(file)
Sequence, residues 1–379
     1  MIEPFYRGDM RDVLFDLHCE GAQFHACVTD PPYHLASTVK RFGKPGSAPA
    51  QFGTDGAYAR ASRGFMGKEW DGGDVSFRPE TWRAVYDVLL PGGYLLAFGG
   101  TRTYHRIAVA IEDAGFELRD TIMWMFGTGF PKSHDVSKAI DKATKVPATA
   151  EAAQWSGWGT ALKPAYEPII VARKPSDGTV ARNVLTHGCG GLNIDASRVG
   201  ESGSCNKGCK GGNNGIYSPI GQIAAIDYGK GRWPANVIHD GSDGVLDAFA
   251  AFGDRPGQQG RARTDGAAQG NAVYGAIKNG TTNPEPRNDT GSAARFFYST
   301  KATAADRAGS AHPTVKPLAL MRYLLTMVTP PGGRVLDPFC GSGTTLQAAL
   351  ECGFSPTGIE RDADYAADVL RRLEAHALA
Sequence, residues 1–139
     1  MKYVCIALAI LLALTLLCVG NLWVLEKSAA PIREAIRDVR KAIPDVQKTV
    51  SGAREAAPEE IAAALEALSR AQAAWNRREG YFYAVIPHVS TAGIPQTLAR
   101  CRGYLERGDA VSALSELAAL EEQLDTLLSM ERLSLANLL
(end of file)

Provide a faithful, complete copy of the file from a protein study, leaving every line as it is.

Sequence, residues 1–379
     1  MIEPFYRGDM RDVLFDLHCE GAQFHACVTD PPYHLASTVK RFGKPGSAPA
    51  QFGTDGAYAR ASRGFMGKEW DGGDVSFRPE TWRAVYDVLL PGGYLLAFGG
   101  TRTYHRIAVA IEDAGFELRD TIMWMFGTGF PKSHDVSKAI DKATKVPATA
   151  EAAQWSGWGT ALKPAYEPII VARKPSDGTV ARNVLTHGCG GLNIDASRVG
   201  ESGSCNKGCK GGNNGIYSPI GQIAAIDYGK GRWPANVIHD GSDGVLDAFA
   251  AFGDRPGQQG RARTDGAAQG NAVYGAIKNG TTNPEPRNDT GSAARFFYST
   301  KATAADRAGS AHPTVKPLAL MRYLLTMVTP PGGRVLDPFC GSGTTLQAAL
   351  ECGFSPTGIE RDADYAADVL RRLEAHALA
Sequence, residues 1–139
     1  MKYVCIALAI LLALTLLCVG NLWVLEKSAA PIREAIRDVR KAIPDVQKTV
    51  SGAREAAPEE IAAALEALSR AQAAWNRREG YFYAVIPHVS TAGIPQTLAR
   101  CRGYLERGDA VSALSELAAL EEQLDTLLSM ERLSLANLL